The pass without trace spell description reads:
A veil of shadows and silence radiates from you, masking you and your companions from detection. For the duration, each creature you choose within 30 feet of you (including you) has a +10 bonus to Dexterity (Stealth) checks and can’t be tracked except by magical means. A creature that receives this bonus leaves behind no tracks or other traces of its passage.
Does this mean that an ally who moves within 30 feet of the caster after the spell has been cast can begin to benefit from the spell? Does an ally who leaves the 30-foot radius while the spell is in effect lose the spell’s benefits?
We have a website running on Tomcat whose certificate will epire in a few weeks. I generated a CSR, got a new cert. Added that cert to the new store and changed the server.xml file to point to the new store.
HOwever when I go to the page it is still reflecting the existing cert. I deleted cache, restarted Tomcat, renamed the current store. How can it use it? Also did: keytool -list -keystore D:\Tomcat\ukdp.keystore -storepass 123456 to verify that the key was in there and it is as a private key.
The Centaur’s racial feature “Charge” reads as follows:
If you move at least 20 feet straight toward a target and then hit it with a melee weapon attack on the same turn, roll the weapon’s damage dice twice and add them together. Once you use this ability, you can’t use it again until you finish a short or long rest. (Source of wording D&D Beyond)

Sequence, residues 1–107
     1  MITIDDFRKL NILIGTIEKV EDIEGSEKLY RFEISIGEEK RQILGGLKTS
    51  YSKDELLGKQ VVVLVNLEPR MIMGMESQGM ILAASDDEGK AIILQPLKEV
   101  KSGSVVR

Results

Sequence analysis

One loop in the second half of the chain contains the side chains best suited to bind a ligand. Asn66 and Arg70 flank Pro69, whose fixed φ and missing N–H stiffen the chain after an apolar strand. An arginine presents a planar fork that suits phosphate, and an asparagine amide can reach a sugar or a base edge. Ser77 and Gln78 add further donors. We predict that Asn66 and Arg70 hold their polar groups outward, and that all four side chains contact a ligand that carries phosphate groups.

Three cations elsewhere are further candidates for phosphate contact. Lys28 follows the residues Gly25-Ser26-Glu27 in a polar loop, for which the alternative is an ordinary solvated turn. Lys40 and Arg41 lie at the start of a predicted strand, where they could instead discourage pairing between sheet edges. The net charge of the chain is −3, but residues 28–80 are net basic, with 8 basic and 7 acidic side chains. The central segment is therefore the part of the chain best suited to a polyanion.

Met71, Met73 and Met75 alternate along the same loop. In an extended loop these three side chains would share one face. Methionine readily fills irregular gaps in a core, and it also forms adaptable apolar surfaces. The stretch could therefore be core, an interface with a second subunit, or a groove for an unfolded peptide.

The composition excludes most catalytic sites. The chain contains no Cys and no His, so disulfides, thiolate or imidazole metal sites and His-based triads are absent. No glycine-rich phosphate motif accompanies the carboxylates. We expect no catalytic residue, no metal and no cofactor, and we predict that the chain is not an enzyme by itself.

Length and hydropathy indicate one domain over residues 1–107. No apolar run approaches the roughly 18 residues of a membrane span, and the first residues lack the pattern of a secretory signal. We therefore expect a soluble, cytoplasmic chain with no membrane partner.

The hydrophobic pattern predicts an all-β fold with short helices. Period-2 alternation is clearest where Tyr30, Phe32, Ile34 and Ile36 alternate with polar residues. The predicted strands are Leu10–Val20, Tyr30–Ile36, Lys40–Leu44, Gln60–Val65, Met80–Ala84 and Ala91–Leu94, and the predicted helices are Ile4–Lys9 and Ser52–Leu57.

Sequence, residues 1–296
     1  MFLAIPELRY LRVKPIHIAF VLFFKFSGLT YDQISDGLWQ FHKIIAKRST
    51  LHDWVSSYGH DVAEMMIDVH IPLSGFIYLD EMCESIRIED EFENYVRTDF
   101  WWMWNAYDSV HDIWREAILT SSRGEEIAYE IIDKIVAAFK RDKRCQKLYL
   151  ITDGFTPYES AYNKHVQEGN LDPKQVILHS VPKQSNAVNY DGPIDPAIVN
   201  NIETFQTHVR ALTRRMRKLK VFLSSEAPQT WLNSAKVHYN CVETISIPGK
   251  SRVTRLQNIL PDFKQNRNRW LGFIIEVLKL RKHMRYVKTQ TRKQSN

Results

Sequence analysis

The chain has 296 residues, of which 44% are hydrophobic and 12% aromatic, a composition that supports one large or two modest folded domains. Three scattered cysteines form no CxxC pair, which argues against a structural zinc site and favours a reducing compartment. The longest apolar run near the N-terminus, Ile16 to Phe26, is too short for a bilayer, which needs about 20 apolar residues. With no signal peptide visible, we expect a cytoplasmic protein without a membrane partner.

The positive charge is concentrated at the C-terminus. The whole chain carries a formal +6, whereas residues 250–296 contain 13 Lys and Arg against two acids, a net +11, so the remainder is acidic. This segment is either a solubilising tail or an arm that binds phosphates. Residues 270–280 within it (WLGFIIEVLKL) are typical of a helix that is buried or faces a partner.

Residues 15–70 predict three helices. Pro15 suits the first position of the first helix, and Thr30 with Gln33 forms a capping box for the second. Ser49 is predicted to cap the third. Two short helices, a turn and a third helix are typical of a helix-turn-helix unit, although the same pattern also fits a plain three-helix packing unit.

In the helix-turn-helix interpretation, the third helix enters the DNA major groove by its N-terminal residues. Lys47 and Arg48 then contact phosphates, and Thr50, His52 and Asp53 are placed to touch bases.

From this I understand that the affected attack(s) must occur after the Charge ability is triggered, and must occur during the same turn the Charge is triggered.
But, as the title question indictes, I’m in doubt whether this wording means that the doubling of the weapons damage dice only occurs on a single attack that hits after the Charge, and if so must it then be the first attack that hits or can it be any attack that hits during that turn? Or would it affect every attack that hits after the Charge during that turn?
Hackers are able to steal 2FA sms messages by exploiting SS7, in my understanding basically by hacking in to the SS7 system and then saying “this number is roaming on my network, send me all their sms messages!”
Would this work for a Google Voice number? If my understanding above is correct, Google knows it’ll be sending the sms to the app and not to some other network, so I would guess it might be immune to SS7 exploitation. Or does the hacker only need to say the number is roaming to whoever is generating the sms message?